Top Concerns that Should be Addressed in a Written Agreement Signed by All Collaborators. (Part 1)

Do all collaborators own the copyright? Whose name is first? Can all collaborators license the copyright? Is the Collaboration a Work For Hire? Who Makes Final Decisions?

Regardless of what expectations collaborators have, issues can, and often do arise. By planning ahead, many issues can be avoided entirely or handled swiftly.

Consider the following prior to exchanging ideas or beginning to collaborate on any project.

The goal for any agreement should be to account for what you expect to happen among all parties, and even more importantly the things you don't expect to happen.

1.  Whose name goes first?

First, last, or et. al. (and others), the listing and order of names is often not discussed until the project is complete.

  • This should be agreed upon at the outset.
  • To some, this may be a minor issue, yet to others, it could mean not participating in the project at all.

    2.  Who Owns the Copyrights and trademarks?

    Copyrights and trademarks are assets that can be licensed and exploited. Failure to put your ownership intentions in writing can have detrimental consequences.

    • What about future editions, spin off materials, translations and adaptations?
    • Do all collaborators have the same right to utilize portions of the content or brand on their own?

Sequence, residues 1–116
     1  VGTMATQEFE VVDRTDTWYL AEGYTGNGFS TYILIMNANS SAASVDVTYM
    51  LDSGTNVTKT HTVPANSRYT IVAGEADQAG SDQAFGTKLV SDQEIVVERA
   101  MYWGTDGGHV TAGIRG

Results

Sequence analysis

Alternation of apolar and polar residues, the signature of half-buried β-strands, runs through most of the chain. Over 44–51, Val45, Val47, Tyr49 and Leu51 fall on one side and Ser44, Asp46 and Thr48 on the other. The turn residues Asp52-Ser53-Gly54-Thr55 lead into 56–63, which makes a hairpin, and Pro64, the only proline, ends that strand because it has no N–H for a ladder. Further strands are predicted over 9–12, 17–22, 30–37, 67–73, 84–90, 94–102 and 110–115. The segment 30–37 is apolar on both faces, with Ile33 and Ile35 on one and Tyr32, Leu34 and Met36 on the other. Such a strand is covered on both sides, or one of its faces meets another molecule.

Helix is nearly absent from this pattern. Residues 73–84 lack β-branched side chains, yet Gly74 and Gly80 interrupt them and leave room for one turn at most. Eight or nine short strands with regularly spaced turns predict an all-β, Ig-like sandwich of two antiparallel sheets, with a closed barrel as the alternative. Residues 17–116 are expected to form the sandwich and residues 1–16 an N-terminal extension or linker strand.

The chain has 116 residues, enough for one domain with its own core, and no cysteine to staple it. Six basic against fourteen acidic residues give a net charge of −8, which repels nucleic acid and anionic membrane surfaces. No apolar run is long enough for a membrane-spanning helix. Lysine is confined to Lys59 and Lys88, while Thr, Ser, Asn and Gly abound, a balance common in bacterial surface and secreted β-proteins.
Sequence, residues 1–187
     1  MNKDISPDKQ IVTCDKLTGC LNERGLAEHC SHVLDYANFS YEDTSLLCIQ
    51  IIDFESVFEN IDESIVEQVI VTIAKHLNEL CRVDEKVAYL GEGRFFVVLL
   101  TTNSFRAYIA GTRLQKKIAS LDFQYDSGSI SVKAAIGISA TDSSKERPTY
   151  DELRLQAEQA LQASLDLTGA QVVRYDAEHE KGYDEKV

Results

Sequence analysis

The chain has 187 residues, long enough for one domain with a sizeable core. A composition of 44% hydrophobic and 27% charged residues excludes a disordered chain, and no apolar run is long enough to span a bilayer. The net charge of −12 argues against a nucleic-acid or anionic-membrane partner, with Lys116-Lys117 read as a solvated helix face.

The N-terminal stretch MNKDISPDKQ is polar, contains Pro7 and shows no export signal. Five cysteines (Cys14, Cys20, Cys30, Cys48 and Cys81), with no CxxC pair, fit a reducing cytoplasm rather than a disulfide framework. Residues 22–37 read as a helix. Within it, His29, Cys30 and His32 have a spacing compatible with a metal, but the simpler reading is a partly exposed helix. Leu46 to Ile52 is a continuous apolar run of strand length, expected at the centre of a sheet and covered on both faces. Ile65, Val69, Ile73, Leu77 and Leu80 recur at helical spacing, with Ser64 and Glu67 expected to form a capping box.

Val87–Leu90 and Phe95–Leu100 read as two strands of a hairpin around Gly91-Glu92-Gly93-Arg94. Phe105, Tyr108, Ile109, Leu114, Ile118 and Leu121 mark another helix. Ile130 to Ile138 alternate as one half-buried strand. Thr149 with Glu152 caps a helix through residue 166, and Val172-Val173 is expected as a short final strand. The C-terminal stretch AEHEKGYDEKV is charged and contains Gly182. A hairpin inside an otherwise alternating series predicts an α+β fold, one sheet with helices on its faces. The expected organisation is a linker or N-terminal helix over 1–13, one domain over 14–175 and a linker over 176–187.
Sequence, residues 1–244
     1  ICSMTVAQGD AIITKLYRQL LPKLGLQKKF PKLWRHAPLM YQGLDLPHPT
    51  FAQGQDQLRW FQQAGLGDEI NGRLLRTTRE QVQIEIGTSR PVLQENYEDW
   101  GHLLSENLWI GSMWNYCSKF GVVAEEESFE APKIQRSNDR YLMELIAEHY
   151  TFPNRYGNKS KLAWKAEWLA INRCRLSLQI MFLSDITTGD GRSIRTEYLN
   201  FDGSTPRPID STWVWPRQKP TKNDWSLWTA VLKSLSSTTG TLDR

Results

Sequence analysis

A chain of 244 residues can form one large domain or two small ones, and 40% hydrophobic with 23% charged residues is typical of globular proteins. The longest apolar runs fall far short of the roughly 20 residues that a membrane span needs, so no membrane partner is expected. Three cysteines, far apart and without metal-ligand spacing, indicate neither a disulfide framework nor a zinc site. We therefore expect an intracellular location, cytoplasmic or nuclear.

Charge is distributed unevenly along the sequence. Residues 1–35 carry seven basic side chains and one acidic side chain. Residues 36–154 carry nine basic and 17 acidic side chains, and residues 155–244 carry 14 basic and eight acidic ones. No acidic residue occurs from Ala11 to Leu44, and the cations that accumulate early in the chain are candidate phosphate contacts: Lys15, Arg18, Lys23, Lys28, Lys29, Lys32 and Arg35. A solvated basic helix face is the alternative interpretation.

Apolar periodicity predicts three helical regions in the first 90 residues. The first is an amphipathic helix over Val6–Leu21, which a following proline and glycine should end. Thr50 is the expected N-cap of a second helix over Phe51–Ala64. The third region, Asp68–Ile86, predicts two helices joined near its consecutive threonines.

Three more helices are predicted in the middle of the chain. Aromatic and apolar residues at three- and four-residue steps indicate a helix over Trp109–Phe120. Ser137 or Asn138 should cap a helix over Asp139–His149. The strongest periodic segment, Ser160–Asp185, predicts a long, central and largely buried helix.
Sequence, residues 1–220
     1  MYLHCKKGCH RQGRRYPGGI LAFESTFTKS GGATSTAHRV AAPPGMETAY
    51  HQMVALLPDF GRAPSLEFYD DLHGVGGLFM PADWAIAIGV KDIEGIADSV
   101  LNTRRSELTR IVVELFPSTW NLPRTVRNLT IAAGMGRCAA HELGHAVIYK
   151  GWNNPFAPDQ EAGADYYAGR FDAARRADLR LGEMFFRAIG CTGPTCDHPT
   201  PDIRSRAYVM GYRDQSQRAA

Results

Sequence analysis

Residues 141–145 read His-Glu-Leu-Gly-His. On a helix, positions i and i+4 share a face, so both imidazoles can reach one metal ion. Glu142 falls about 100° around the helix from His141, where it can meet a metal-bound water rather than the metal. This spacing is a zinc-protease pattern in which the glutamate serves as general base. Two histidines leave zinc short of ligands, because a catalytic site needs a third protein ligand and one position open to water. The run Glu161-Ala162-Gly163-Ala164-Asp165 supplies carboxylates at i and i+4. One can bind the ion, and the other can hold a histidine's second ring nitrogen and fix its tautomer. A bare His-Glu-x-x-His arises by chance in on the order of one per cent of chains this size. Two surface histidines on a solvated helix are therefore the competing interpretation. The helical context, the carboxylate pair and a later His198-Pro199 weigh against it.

3.  INTELLECTUAL property Ownership Interests are not all Created Equal

    If you don't want ownership determinations to be decided by a court, make crystal clear who owns what. 

    • Without a signed agreement stating otherwise, the owner of a copyright or trademark may have certain non exclusive rights.
    • What interest or rights do heirs, successors, or assigns, have?

    4.  Copyright Owner vs. Co-Collaborator

    Just because you are a co-collaborator does not mean that you are a copyright owner.

    • Some collaborations are done on a work for hire basis.
    • A work for hire creator may no longer hold any rights or ownership interest in the copyright.

    5.  Work For Hire Considerations

    The determination of whether content was created as a work for hire is not always clear.

    • Parties should detail their intentions when it comes to rights and ownership.
    • It should be clear whether the purchaser of content, or the creator, owns all rights, title, and interest in the work.

    6. What Happens If There is a Dispute among collaborators?

    It is important to provide for resolutions and remedies before issues arise.

    • Plan for unexpected scenarios and state guidelines for handling various kinds of disputes. 
    • Who makes final decisions? Are all collaborators to be consulted before certain determinations?

    Valuable advice - Frustration over the issue often turns out to be bigger than the issue itself.

    what are you waiting for?

    While the above issues are best addressed before work has begun, it is never too late, or too soon, to address prior, current, or future concerns.

    For additional considerations, see Top Concerns that Should be Addressed in a Written Agreement Signed by All Collaborators. (Part 2)